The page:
Boris Johnson could face another no confidence vote this month as Tory rebels plot to overhaul 1922 Committee rules.
Under current rules, the Prime Minister cannot face a challenge to his leadership until next June, when it will be 12 months since the most recent confidence vote.
But backbenchers have launched a plot to oust him sooner than this by getting rebels elected to the 1922 Committee’s executive and then changing the rules to allow an earlier vote.
At the moment, the chairman of the committee must receive 54 letters from MPs – representing 15 per cent of the parliamentary party – expressing their lack of confidence in the Prime Minister to trigger a vote.
But there is a plan to add a new rule that would state that if 90 new letters – representing 25 per cent of the party – are submitted, it could trigger a new vote immediately rather than having to wait for the full year to elapse.
The count for letters calling for the Prime Minister to go is reset after each confidence vote, but rebels are confident they could surpass 108 after garnering 148 votes in the first ballot against 211 for Mr Johnson.
‘We’ve got the votes now’
One senior backbencher told The Telegraph: “It would be wrong to just run another election on the same rules. We’ve got the votes now to get rid of the PM.
“There has been an idea floating around that when you get to 90 letters, amending the rules to bring in a possibility of a second vote with 25 per cent of the party.
“Bear in mind after the first vote all the letters are spent so you need 90 new letters submitted. This gives the PM the opportunity to regain the confidence of the party.”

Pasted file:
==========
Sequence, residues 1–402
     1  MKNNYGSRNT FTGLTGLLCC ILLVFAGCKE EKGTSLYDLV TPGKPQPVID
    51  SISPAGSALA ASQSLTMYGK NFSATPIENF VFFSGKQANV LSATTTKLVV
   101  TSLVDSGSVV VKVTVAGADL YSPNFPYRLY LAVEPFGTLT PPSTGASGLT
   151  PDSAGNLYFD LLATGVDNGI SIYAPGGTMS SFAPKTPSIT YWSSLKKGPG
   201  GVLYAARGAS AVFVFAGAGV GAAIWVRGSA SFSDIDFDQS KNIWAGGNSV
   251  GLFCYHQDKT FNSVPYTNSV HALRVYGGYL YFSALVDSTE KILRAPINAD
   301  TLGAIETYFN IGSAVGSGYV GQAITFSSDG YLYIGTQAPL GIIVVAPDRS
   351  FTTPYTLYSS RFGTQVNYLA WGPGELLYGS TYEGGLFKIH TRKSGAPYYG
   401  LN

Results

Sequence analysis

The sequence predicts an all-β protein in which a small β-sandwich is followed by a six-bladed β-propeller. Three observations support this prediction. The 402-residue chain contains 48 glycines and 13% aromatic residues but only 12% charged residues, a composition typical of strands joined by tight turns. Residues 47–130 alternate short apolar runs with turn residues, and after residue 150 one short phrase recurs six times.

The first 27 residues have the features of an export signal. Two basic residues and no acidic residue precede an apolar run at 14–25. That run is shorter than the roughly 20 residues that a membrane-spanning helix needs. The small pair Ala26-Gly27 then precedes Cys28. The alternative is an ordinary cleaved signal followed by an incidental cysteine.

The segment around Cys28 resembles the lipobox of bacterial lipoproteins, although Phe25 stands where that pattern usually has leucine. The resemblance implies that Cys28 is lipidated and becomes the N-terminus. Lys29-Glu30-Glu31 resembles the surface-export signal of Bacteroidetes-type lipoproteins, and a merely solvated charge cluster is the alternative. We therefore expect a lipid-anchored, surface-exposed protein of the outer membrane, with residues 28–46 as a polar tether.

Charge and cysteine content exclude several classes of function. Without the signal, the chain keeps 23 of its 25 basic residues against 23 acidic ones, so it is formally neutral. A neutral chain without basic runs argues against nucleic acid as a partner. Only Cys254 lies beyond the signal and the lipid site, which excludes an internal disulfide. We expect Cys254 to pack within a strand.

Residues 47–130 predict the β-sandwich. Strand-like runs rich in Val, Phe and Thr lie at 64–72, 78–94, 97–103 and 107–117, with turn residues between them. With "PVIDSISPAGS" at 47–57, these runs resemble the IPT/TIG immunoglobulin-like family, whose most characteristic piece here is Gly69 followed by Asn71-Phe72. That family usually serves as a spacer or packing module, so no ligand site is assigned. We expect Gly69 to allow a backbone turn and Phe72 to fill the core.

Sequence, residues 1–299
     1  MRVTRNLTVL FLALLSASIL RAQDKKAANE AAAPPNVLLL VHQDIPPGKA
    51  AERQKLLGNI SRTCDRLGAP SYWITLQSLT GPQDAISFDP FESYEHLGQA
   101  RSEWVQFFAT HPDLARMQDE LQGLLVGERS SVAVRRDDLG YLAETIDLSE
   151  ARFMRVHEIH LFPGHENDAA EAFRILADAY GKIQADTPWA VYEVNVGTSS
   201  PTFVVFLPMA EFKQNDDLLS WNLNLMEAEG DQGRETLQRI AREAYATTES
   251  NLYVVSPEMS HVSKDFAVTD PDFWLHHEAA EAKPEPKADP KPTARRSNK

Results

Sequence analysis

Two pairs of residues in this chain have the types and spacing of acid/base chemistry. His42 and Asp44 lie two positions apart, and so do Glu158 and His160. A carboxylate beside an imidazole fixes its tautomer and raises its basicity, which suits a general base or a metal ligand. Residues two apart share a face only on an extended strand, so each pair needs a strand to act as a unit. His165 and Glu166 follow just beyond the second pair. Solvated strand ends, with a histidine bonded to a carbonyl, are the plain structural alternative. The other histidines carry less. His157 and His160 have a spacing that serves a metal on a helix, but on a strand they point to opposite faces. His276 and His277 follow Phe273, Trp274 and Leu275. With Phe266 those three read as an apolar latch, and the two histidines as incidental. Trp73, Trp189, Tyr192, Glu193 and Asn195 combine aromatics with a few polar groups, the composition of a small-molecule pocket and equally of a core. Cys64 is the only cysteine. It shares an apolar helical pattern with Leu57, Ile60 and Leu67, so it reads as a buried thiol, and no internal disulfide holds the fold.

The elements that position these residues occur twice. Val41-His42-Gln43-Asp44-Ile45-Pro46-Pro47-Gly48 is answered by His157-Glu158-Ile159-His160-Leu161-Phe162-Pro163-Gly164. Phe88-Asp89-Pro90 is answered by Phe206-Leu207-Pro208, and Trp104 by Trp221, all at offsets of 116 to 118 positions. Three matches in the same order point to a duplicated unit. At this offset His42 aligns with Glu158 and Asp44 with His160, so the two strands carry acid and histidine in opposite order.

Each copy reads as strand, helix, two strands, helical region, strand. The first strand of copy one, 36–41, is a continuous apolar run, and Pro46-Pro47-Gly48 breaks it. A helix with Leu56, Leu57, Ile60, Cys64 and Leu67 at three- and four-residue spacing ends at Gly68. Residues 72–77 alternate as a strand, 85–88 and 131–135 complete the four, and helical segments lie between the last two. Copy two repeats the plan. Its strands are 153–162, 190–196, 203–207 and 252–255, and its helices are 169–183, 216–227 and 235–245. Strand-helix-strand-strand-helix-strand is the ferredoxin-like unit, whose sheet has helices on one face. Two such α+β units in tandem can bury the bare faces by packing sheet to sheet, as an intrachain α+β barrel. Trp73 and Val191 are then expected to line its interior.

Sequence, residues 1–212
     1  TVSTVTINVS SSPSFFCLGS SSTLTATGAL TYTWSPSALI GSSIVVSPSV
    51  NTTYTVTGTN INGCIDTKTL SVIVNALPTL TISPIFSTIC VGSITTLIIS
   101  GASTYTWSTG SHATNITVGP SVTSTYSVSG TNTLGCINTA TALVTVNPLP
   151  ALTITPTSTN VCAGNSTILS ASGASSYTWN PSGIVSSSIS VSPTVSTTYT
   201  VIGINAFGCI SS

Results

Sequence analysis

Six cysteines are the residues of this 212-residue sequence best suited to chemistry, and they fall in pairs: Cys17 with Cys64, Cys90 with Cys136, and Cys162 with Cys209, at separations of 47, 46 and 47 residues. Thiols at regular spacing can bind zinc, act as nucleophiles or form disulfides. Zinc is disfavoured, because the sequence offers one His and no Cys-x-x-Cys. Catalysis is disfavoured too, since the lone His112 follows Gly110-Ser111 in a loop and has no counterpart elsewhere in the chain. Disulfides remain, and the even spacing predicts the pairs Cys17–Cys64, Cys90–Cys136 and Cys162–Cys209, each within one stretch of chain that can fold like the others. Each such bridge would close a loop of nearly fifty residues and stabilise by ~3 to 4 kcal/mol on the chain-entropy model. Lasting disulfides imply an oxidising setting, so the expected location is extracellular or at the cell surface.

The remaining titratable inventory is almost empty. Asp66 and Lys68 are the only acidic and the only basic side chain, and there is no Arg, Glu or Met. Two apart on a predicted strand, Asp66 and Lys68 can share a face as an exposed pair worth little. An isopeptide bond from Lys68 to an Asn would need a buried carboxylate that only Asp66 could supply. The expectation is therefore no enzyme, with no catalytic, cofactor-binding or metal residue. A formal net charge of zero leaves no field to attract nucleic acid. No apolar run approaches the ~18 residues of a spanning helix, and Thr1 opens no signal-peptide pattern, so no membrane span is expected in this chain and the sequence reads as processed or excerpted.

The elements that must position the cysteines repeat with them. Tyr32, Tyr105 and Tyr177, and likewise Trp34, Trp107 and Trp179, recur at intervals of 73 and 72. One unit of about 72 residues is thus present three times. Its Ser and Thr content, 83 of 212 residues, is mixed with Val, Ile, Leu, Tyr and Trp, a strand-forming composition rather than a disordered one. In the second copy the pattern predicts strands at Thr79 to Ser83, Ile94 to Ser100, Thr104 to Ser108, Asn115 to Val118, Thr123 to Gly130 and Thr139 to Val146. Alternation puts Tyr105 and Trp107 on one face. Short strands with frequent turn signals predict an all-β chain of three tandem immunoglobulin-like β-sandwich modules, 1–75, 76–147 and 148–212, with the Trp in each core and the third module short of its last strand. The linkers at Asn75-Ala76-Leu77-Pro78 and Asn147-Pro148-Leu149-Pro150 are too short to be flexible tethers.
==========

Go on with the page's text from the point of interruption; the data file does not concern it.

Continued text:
Sir Graham Brady, the current chairman of the committee, is expected to remain in his post but the remaining 17 seats of the executive will be contested.
Rebel MPs will back candidates who support a rule change, while the Prime Minister’s allies will support those who want to uphold the status quo. The elections themselves will be seen as a proxy vote on Mr Johnson’s leadership.
Nominations for the executive committee are expected to open this week, with a vote taking place the following week. Once the new executive committee members are installed and if a rule change is brought in swiftly, Mr Johnson could face a new vote of no confidence before summer recess.
Two MPs, Steve Baker and Andrew Bridgen, have indicated that they will stand on a slate seeking to change the rules to allow another confidence vote.
A new wave of letters is understood to have been triggered by the by-election losses in Tiverton and Honiton and Wakefield that precipitated the resignation of Oliver Dowden, the Conservative chairman. Mr Dowden said that “somebody must take responsibility” and the Government could not carry on with “business as usual”.